Wednesday, January 9, 2008
Count me surprised (and 3-0 to boot!) and look definitely for en banc review (via San Francisco Chronicle):
The city of San Francisco won approval from a federal appeals court today to begin providing health coverage to all uninsured adult residents under a new ordinance and require employers to share the cost.
A three-judge panel of the Ninth U.S. Circuit Court of Appeals granted the city's request to suspend a federal judge's Dec. 26 ruling striking down a key funding provision of the ordinance. That provision requires large and medium-size companies to offer insurance to their workers or pay a fee to the city.
The appeals court said the city was likely to prove that U.S. District Judge Jeffrey White was wrong when he ruled that local governments lack the power to force employers to contribute to a health care program. Today's decision allows the city to enforce the entire ordinance while it appeals White's decision.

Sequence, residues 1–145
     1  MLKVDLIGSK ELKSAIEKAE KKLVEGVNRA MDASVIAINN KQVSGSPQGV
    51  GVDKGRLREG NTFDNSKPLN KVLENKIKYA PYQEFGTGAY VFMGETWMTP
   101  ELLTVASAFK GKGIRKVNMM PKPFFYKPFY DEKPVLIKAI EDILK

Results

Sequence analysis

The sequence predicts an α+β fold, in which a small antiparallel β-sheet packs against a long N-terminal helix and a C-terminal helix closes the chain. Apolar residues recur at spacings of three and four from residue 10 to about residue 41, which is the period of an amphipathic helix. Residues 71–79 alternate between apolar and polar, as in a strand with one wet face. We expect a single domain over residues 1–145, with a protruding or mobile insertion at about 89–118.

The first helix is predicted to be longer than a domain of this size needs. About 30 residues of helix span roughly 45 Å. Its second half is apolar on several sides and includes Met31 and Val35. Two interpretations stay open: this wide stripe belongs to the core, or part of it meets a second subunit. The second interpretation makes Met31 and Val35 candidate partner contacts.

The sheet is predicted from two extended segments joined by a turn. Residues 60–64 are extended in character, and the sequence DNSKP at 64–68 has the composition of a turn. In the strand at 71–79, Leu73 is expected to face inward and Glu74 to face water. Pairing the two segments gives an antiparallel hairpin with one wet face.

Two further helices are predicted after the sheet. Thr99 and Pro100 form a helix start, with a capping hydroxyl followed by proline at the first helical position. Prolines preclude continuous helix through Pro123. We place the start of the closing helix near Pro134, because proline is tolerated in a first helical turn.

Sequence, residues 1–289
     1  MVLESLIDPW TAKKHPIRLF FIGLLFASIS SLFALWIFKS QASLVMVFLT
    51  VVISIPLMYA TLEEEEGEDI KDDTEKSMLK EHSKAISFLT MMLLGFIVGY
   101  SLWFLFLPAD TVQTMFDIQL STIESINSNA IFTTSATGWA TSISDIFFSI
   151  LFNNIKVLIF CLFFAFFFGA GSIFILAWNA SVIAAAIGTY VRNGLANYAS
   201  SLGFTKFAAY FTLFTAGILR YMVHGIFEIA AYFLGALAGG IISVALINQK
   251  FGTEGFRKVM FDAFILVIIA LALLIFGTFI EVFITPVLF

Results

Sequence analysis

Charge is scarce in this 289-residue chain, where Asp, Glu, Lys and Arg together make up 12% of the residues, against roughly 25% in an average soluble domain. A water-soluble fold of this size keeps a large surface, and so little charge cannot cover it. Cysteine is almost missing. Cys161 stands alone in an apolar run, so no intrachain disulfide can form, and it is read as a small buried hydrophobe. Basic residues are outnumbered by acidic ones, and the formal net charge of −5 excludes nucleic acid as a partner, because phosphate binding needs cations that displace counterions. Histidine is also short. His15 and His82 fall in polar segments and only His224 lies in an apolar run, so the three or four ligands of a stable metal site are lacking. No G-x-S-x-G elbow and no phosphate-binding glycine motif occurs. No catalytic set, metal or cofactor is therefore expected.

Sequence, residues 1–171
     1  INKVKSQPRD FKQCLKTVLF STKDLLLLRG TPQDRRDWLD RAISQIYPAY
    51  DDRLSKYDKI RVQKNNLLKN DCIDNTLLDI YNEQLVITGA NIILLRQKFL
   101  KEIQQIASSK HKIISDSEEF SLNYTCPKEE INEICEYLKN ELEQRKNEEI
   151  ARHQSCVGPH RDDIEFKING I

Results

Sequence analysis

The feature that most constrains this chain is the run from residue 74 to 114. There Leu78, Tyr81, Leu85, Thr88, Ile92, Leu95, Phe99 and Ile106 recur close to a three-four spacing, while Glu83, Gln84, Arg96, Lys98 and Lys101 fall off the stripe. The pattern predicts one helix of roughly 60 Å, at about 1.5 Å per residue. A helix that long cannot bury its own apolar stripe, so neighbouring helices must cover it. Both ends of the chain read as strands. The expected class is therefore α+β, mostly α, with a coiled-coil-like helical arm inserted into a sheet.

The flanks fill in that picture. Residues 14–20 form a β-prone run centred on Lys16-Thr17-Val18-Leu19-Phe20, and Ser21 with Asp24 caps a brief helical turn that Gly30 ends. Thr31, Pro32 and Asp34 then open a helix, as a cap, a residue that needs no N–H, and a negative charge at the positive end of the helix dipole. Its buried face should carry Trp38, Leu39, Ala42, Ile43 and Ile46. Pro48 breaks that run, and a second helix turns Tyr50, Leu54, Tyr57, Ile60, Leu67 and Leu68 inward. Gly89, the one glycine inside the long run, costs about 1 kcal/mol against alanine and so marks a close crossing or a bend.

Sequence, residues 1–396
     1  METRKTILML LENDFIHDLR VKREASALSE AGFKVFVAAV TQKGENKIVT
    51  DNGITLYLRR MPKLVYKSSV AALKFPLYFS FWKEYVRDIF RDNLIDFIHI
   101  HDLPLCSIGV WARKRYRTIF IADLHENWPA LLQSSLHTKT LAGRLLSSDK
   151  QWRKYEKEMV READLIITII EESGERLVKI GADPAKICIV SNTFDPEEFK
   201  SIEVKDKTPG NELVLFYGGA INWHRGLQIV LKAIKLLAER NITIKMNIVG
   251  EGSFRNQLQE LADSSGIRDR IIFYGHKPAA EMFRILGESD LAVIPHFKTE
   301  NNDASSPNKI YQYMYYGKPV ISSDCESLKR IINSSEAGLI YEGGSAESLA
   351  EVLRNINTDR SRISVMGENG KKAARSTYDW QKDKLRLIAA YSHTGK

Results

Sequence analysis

I like the result because it will help give health insurance to the uninsured, but I think from my initial analysis that the decision is flawed. A mandate is a mandate is a mandate and such mandates, under ERISA preemption precedent, cause a significant impact on the management and administration of employment benefit plans, even if not solely on employee benefit plans.
This is clearly not the last we have heard of this case.
The decision is Golden Gate Restaurant Assoc.v. City and County of San Francisco, 07-17370 (9th Cir. Jan. 9, 2008). Also note the panel: GOODWIN, REINHARDT, and W. FLETCHER - a pretty liberal bench.
Hat Tip: Ben Arnoldy